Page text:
Mediawatch: Spinning the Max Lucado story

“Well-known evangelical writer sticks to traditional marriage.” That’s not much of a headline even by my standards but, arguably, it was the better heading for a story which got radically different headlines:

“Max Lucado apologises for ‘disrespectful’ 2004 sermon denouncing homosexuality” – Christian Today.

Max Lucado Apologises To Gay Activists, Says Church Has Harmed LGBT People” on the website of Fox radio broadcaster Todd Starnes.

“Outrage Over Max Lucado Shows There Is No Room For Dissent In LGBT Church Politics” said The Federalist.

The progressive church played it the same way: Max Lucado apologises for past comments on homosexuality after outrage at National Cathedral on the Episcopal News Service (ENS).

Over on CBN – the Christian Broadcasting Network – the culture war spin went the other way: “Max Lucado is cancel culture’s latest target after preaching at DC’s National Cathedral

All these headlines are true and arguably misleading at the same time, in this columnist’s view.

So what’s the story? Max Lucado is a best-selling author (including in Australia) and pastor of an independent evangelical church in Texas. He is known as a “nice guy” of American evangelicalism, and his almost 100 books – with 130 million copies in print – are written in everyday language.

He is the sort of guy who tweets Bible verses with short explainers.

Lucado’s Oak Hills Church is a conservative evangelical church which has male elders and believes marriage is for “one man, one woman for life.”

In Washington, the National Cathedral is a large gothic structure atop the highest point of the city. While it belongs to The Episcopal Church (TEC) – the US version of Anglicans and a generally liberal church – it was chartered by Congress. So its history provides an impulse to serve the whole nation, and a wide variety of religious leaders have preached there. “We seek to serve the entire country in all its variety, including its vast potpourri of faiths,” a recent dean (cathedral pastor) wrote.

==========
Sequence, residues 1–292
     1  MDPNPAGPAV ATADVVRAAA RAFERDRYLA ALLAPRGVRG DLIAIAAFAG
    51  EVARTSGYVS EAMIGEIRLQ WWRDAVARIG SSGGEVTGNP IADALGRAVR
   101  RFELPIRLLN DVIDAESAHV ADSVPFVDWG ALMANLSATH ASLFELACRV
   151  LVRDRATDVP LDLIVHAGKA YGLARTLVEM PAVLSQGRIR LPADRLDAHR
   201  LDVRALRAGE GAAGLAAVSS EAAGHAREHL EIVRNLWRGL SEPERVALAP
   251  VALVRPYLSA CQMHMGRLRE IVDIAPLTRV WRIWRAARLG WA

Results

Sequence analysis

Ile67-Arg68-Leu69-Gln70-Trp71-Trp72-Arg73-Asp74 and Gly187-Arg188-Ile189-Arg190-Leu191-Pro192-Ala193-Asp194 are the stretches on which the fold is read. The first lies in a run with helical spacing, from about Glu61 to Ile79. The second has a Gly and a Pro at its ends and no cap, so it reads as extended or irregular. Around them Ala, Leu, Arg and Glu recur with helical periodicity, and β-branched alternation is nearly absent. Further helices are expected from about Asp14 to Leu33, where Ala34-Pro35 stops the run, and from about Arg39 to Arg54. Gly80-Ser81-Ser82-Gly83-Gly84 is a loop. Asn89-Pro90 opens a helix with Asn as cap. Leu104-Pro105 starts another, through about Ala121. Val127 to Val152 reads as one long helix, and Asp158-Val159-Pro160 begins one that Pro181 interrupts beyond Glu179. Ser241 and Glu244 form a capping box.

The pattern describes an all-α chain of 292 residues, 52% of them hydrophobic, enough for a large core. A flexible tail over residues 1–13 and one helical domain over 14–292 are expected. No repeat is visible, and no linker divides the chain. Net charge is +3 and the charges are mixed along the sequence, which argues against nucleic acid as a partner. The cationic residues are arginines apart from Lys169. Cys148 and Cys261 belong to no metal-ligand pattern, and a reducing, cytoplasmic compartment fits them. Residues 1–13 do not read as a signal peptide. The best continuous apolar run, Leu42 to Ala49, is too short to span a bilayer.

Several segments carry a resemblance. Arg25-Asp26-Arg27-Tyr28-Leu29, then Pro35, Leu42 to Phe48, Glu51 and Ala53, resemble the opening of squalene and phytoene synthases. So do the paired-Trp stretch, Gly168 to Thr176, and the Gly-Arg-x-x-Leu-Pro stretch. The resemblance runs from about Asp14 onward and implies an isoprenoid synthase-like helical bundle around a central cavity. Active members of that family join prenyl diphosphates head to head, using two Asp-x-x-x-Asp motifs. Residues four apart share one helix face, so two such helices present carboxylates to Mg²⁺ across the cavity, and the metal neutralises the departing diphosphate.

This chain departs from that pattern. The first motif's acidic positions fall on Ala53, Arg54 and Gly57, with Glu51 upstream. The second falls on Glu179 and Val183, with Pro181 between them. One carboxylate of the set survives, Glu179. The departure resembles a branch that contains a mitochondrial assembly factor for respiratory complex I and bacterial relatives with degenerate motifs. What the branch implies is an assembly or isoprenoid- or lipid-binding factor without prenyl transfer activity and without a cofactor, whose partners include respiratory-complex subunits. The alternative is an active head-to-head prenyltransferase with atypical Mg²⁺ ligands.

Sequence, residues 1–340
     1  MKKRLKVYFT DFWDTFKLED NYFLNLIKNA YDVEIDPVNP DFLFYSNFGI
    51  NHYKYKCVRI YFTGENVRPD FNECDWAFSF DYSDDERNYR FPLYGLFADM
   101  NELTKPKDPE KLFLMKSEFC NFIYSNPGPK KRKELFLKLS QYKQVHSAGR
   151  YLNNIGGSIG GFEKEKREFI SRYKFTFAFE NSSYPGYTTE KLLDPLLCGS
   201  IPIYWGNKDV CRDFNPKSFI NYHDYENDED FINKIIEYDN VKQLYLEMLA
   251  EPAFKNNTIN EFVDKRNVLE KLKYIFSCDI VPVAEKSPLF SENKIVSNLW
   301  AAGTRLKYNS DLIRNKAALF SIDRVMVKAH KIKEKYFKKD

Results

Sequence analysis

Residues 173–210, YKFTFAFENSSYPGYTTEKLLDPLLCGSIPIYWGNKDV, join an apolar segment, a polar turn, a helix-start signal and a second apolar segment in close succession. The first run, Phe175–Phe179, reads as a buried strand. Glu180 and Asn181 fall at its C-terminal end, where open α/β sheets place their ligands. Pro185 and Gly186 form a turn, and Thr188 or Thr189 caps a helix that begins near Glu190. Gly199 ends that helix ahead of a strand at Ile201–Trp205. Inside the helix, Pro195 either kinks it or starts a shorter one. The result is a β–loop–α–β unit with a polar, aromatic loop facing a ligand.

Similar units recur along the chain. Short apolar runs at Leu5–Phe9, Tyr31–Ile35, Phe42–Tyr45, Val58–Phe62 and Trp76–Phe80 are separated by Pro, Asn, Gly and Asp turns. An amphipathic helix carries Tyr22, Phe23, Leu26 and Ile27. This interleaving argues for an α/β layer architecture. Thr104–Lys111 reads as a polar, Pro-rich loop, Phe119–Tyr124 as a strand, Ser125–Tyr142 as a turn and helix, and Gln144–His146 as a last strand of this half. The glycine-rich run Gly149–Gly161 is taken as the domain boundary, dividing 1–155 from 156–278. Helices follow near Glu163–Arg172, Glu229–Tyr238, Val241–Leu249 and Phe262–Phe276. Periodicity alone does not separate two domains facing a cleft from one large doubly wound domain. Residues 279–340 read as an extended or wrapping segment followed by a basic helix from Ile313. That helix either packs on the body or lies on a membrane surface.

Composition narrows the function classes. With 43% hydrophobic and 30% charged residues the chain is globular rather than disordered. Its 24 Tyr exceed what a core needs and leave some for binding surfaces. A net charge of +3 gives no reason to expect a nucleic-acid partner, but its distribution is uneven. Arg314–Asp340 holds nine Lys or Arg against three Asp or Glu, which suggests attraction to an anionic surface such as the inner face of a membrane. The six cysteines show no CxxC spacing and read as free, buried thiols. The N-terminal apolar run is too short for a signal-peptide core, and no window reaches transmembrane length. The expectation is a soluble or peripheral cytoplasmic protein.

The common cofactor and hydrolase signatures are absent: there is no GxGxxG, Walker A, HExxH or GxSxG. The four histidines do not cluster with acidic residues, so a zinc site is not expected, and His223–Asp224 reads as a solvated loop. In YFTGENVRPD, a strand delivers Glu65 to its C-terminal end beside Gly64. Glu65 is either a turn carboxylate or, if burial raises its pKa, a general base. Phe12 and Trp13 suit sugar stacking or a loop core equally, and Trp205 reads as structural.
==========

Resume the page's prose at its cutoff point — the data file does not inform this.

Martin Luther King jr’s last sermon was preached there.

So with a wide variety of preachers, why not an evangelical? Especially one unlikely to rock the boat. Indeed, Lucado did not. His short video sermon here, was on “the power of the Holy spirit and how the sprit can bring calm to our chaos”.

But when the Dean of the cathedral Randolph Hollerith’s invitation to Lucado became known, an online petition was launched citing a 2004 article by Lucado in which he allegedly said, “How will homosexuality impact our culture? What about the spread of disease? If gay lifestyle and gay marriage is endorsed – what follows? Polygamy? Legalised incest? If we can’t draw a line, will lines be drawn at all? Men and women were not intended for identical gender but opposite (sic).”

“I wounded people in ways that were devastating. I should have done better.” – Max Lucado

The Episcopal News Service’s description of the talk includes this: “Lucado spent much of the article reviewing biblical passages that theological conservatives have often pointed to in making their case that homosexuality is forbidden by God, though Lucado also argues that Jesus taught that love should be Christian’s primary response. ‘Nothing can separate us from the love of God,’ he said. ‘This includes homosexuality. Jesus loves his gay children. He made them, came for them and died for them.’”

(The talk has been removed from, the story link cited by the petition, so Eternity has only third-hand accounts)

After the sermon, in short order, the Bishop of Washington Mariann Budde apologised “for my part in the pain caused today” to the LGBTQ community while defending the invitation. Her position has hardened according to ENS, which reports her as saying: “My biggest mistake was not reaching out to some of my colleagues who are LGBTQ.”

If she had taken more time to talk through the issue with them, she said, she might have asked the Cathedral not to include Lucado. “I would do it differently now,” she said.